Youth suicide is a serious issue in the Chinese community, China Press (僑報) reports. According to a study conducted by the Department of Minority Health, 10.8 percent of Asian high school students reported they attempted suicide in 2009, compared to 6.2 percent of White students. Chinese American women ages 15-24 are especially at risk, with higher suicide rates than European American women of the same age, according to the National Alliance on Mental Illness.
Derek Hsieh, supervising psychiatric social worker at the Los Angeles County Department of Mental Health, says that Chinese parents often put a great emphasis on their children's success, which contributes to mental health problems. Under pressure, Chinese children may fear disappointing their parents and can experience greater stress than their peers from other cultures. Hsieh suggests that instead of aiming too high and getting disappointed, young people should set realistic goals and try to achieve gradual progress with assistance.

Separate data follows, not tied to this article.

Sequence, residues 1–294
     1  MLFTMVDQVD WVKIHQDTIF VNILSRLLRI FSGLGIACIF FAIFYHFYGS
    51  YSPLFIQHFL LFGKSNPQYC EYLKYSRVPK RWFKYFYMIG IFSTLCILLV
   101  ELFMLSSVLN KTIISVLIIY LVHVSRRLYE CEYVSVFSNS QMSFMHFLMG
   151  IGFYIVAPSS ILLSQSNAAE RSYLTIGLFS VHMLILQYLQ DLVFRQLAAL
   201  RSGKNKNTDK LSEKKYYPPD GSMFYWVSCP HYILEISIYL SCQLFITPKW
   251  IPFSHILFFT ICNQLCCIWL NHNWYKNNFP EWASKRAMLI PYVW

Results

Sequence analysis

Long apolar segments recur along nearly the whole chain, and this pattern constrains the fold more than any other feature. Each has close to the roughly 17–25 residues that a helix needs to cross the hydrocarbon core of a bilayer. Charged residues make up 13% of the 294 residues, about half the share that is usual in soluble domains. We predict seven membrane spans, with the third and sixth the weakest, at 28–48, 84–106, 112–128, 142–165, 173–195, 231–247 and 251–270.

There is also a stigma about psychological issues in the Asian community, according to Stanley Sue, a professor of psychology and Asian American studies at the University of California at Davis. "In general, Asian Americans are not likely to talk about their psychological problems," Sue told Time Magazine. This can prevent Asian youth from seeking psychological resources and services, Sue said.
According to Laurel Bear, director of Student Services at Alhambra Unified School District, AUSD provides support services to more than 1,500 students every year, about half of whom are Chinese. Many Asian students are the first generation in their families to be born in the United States and face cultural and communication barriers with their parents, Bear explained. Student Services helps parents understand that even though academic performance is crucial, emotional and social development is equally important to their kids.
For psychological counseling or support, please call the Department of Mental Health Hotline at 1-800-854-7771.